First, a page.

The corn gets roasted at between 500 to 700 degrees with the husk on, which the younger Jorge says allows the naturally occurring sugars in the corn to caramelize. After ordering, the husk is peeled off and the corn is handed to the customer along with a wooden coffee stirrer. Squeeze some mayonnaise from the bottle onto the elote, then use the coffee stirrer to spread the mayonnaise evenly on the corn. Next, add a spritz of lemon juice from the spray bottle and a shake of chili powder. Bring your elote back to the counter, where a member of the Anaya family will perform the final step of coating your elote with cheese. The resulting elote is sweeter and more flavorful than your average boiled elote, with toasty, chewy golden brown kernels at both ends.
I’m a big fan of Xingones’s permanent pop-up location at Fort Green Bar in Old Oakland (see the July 24 review if you need a refresher). But Xingones’ menu at Laney shows a different side of chefs Tino Perez and Mayra Velasquez. While the menu at Fort Green offers a mixture of bar snacks, tacos, salads, sandwiches, and specialty plates, the menu at Laney College is reminiscent of both county fairs and family celebrations. Xingones’ famous fried chicken and waffles are on the menu here, but so are traditional comfort foods you won’t find at Fort Green. Try the Jalisco-style pozole rojo, which comes with chunks of pork meat and succulent, bouncy-textured pig feet. The birria de chivo tacos are another Laney exclusive, made with tender, delicately spiced lean stewed goat that’s fragrant and rich without any gamey taste.
Raspados La Piña
For a little pick-me-up, look no further than Raspados La Piña, a family business that offers a wide array of snacks and drinks. There’s fresh fruit like sliced jicama and cactus fruit, salty snacks like Tostilocos or chicharron preparado, refreshing drinks like coconut water and homemade aguas frescas, and cool treats like raspados flavored with homemade fruit syrups. Try the guava raspado and the Tostilocos (a bag of Tostitos cut open and topped with cueritos, or pickled pork skin, tamarind candy, candied peanuts, and Chamoy).
Evelyn’s Ice Cream
Save a little stomach space for Evelyn’s Ice Cream, which truly makes some of the best ice cream I’ve tried in the East Bay. This truck is one of the market’s longtime vendors — it has been in business here since 1999. Miguel Montiel and his wife Irene quit their jobs in order to start the truck, making just two flavors of ice cream in two barrels. They named the truck after their daughter, Evelyn, and their son, Miguel Montiel Jr., also works at the truck, along with a handful of nieces and nephews.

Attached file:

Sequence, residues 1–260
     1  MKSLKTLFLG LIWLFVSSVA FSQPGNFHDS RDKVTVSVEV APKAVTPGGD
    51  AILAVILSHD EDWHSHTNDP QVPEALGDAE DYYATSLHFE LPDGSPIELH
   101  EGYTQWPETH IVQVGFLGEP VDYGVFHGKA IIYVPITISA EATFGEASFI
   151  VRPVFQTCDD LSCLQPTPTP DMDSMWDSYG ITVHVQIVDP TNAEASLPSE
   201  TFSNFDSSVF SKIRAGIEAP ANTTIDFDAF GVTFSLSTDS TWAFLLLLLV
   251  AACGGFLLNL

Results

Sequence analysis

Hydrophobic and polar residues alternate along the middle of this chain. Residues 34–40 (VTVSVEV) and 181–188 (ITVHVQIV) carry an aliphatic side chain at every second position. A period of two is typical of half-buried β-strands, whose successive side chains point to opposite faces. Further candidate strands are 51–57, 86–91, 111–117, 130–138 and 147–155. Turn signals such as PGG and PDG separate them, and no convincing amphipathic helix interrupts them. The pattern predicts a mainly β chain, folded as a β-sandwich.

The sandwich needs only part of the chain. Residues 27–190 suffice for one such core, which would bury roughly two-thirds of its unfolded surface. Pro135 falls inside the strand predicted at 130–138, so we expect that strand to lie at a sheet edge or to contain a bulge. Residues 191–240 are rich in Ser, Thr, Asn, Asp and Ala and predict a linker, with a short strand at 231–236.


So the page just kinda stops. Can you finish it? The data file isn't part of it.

The Montiel family carries ice cream-making talent in their blood. Montiel Sr.’s mother, Elisa, was an ice cream maker in Jalisco, and at Evelyn’s Ice Cream, they serve classic American ice cream alongside a handful of flavors made the traditional way. Limón was their first and most popular flavor, a refreshingly tart, not-too-sweet sorbet with a soft, creamy texture despite the fact that it contains no dairy. Arroz con leche is the second most popular flavor, custardy and creamy without being overly heavy. Fresh guava ice cream is another mainstay. It’s also a bargain at $2 for a scoop or $2.50 for two scoops.
Next to the Evelyn’s Ice Cream truck is the mangonada stand that Evelyn started in 2010, which serves up the best mangonada I’ve had the pleasure of eating. The base of the mangonada is a velvety sorbet made with Champagne mangoes, while chunks of fresh mango dressed with a squeeze of lime and Chamoy enhance the flavor of the sorbet. You can dress your mangonada with a variety of toppings depending on how spicy you like it: with Chamoy, with Tajín, or with pico de gallo powder. But those in the know ask for chile de arbol, which Irene roasts and grinds herself to make the perfect smoky-spicy topping.
The Laney College Flea Market takes place every Sunday from 6 a.m. to 4 p.m. at 510 Fallon Street in Oakland.